“Do not lay up for yourselves treasures on earth, where moth and rust destroy and where thieves break in and steal, but lay up for yourselves treasures in heaven, where neither moth nor rust destroys and where thieves do not break in and steal. For where your treasure is, there your heart will be also.

Matthew 23:23
“Woe to you, scribes and Pharisees, hypocrites! For you tithe mint and dill and cumin, and have neglected the weightier matters of the law: justice and mercy and faithfulness. These you ought to have done, without neglecting the others.

Finally, Jesus sums up why one should never let money get in the way of ministry or character in Matthew 6:1-4;

“Beware of practicing your righteousness before other people in order to be seen by them, for then you will have no reward from your Father who is in heaven. “Thus, when you give to the needy, sound no trumpet before you, as the hypocrites do in the synagogues and in the streets, that they may be praised by others. Truly, I say to you, they have received their reward. But when you give to the needy, do not let your left hand know what your right hand is doing, so that your giving may be in secret. And your Father who sees in secret will reward you.

While humans obviously have needs that often require money and sometimes one must minister to physical needs before you can reach someone’s spiritual needs due to hunger or physical impairment, our ministry on earth is to teach others about the salvation offered by Jesus so they can get to eternity where they (or you) can’t bring money regardless of how much or little they may have.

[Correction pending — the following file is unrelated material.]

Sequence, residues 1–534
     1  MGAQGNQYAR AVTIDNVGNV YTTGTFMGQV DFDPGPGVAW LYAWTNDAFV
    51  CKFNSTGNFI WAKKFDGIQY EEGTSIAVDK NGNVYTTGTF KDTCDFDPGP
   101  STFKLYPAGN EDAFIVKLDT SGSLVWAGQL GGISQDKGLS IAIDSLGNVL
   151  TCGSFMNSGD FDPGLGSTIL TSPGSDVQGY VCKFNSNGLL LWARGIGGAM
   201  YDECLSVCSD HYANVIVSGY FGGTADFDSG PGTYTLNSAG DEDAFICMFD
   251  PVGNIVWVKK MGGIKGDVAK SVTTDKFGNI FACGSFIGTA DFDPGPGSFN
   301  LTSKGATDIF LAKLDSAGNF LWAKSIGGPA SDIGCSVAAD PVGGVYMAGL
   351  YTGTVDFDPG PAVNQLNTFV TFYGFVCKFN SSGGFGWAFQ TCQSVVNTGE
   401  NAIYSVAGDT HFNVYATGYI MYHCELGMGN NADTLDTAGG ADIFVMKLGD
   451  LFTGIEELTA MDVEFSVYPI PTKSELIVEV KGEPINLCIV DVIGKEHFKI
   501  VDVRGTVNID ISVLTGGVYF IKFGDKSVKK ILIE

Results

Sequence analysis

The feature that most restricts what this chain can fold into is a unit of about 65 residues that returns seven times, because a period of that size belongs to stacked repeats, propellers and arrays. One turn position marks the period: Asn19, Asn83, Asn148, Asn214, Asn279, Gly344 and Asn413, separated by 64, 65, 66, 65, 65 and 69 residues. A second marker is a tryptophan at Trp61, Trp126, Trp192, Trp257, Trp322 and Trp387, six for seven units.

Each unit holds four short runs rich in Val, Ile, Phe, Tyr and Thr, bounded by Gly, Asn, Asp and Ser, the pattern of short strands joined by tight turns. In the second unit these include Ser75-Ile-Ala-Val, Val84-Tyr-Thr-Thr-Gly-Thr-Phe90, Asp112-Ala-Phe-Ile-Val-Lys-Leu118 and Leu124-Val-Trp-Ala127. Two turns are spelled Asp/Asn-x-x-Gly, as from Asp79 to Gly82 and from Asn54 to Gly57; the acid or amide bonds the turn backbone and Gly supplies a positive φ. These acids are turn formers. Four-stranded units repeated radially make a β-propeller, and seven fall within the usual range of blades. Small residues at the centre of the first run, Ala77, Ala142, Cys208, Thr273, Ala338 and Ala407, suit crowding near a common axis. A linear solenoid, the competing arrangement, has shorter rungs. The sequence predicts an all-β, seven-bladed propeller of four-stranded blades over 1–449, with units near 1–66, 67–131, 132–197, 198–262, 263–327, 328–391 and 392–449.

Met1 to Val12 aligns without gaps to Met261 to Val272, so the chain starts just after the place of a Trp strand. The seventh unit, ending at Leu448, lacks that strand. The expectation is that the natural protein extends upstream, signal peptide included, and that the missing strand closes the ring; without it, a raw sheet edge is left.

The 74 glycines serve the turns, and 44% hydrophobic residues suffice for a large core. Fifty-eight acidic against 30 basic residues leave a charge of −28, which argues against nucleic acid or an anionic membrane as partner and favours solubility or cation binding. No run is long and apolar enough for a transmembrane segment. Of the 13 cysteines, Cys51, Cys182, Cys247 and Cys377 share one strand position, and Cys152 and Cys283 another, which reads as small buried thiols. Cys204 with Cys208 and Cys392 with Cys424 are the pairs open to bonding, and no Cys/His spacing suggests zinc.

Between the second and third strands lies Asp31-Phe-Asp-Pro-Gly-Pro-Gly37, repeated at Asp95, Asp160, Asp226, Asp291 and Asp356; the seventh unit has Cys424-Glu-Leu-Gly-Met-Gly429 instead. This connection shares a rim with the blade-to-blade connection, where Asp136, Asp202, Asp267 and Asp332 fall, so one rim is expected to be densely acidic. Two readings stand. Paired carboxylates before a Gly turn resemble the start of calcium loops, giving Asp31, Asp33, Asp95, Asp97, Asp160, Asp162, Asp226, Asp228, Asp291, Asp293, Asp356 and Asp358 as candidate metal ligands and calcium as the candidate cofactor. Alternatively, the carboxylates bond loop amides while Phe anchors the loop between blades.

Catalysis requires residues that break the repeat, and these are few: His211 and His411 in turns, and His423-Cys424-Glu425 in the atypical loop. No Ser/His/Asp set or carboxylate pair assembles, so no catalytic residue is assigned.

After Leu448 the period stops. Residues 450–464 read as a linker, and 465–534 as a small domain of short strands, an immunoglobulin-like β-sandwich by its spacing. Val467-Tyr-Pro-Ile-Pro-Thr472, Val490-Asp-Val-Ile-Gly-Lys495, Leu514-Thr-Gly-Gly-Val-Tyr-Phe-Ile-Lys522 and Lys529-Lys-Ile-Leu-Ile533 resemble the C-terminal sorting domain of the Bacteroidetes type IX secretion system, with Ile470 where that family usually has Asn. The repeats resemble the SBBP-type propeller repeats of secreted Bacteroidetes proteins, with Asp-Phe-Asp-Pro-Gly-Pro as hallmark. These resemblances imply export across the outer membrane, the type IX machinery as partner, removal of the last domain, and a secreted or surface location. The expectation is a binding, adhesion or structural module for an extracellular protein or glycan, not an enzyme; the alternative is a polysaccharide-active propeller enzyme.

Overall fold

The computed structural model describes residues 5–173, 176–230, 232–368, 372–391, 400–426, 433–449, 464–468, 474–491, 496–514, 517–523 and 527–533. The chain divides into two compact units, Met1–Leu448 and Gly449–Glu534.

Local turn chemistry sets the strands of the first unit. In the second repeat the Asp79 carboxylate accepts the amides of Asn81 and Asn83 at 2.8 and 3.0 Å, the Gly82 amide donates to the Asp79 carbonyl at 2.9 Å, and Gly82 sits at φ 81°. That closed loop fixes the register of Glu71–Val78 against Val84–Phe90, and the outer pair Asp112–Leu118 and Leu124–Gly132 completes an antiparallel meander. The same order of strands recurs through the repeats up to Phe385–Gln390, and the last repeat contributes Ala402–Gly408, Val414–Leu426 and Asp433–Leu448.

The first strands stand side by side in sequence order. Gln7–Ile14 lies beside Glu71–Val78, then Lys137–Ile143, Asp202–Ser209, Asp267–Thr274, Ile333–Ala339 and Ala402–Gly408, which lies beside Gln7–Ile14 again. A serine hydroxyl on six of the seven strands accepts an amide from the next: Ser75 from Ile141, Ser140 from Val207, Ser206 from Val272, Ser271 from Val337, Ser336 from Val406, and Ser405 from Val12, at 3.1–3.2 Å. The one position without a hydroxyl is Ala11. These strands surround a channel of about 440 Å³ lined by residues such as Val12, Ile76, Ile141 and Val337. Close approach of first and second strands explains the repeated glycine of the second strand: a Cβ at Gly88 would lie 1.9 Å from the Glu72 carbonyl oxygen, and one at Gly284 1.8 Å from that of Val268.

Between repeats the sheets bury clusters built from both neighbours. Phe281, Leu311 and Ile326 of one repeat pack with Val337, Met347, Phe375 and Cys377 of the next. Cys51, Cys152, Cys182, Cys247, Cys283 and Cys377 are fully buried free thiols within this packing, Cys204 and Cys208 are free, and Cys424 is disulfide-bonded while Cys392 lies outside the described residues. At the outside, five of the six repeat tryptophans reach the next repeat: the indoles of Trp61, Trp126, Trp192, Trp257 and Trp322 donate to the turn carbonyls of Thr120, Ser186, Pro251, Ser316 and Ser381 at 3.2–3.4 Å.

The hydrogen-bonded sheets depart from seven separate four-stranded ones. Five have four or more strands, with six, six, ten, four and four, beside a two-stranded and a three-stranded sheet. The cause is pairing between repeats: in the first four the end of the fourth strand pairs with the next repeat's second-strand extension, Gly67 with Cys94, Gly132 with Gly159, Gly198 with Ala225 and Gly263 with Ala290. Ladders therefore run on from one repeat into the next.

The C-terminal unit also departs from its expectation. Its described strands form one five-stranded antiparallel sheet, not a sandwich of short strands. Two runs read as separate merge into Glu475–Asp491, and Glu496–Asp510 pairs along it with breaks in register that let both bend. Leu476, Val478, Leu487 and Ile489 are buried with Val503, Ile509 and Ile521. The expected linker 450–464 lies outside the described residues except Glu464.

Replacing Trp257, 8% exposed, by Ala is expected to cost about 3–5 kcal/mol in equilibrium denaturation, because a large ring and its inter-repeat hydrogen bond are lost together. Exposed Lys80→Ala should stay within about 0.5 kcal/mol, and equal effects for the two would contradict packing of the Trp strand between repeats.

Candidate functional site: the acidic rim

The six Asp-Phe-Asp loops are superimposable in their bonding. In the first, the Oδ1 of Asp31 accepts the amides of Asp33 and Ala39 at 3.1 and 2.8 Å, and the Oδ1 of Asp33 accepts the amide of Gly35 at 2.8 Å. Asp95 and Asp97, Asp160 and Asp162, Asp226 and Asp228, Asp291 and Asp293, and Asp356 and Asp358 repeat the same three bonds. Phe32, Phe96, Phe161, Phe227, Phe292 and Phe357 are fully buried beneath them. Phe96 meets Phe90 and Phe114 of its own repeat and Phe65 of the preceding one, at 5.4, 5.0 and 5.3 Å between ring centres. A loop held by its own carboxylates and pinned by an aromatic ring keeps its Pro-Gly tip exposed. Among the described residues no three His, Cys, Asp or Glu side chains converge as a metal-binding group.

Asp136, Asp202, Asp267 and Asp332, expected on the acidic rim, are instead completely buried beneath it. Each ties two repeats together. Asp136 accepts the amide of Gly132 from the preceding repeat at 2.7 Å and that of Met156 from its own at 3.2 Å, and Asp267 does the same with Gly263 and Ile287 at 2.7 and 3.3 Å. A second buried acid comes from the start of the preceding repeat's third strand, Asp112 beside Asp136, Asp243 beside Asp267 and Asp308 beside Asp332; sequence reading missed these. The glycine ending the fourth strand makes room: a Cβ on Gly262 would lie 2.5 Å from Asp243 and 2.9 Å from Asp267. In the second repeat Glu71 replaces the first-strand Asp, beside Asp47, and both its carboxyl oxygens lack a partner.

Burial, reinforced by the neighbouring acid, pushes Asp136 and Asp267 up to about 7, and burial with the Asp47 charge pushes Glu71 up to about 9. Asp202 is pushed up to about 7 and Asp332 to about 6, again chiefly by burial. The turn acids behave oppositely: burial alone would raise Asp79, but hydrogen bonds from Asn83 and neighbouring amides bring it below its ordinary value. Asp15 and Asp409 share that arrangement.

Jesus and his handful of disciples influenced the world and the message of salvation more than any rich individual or giant religious organization ever have. They didn’t, nor us as contemporary disciples should, ever let money get in the way.

What do you think? What has been your experience? Have you witnessed money getting in the way of ministry in religious organizations or by individuals? Please leave your comments below.

529384: The Everyday Life Bible: The Power of God The Everyday Life Bible: The Power of God's Word for Everyday Living
By Joyce Meyer / FaithWords

Reading this Bible will be like having Joyce Meyer sitting next to you, teaching you chapter-by-chapter and precept-by-precept! Special features include:

  • Life Points, drawing a straight line from Scripture to your personal experience
  • Everyday Life articles, featuring Meyer's insightful commentary on specific passages
  • Putting the Word to Work, offering some of Joyce's questions to encourage introspection, then action
  • Book introductions, including brief facts, at the beginning of each book of the Bible
  • Amplified Bible text
  • Presentation page
  • 9-point text size
  • 9.25" x 6.50" x 1.50"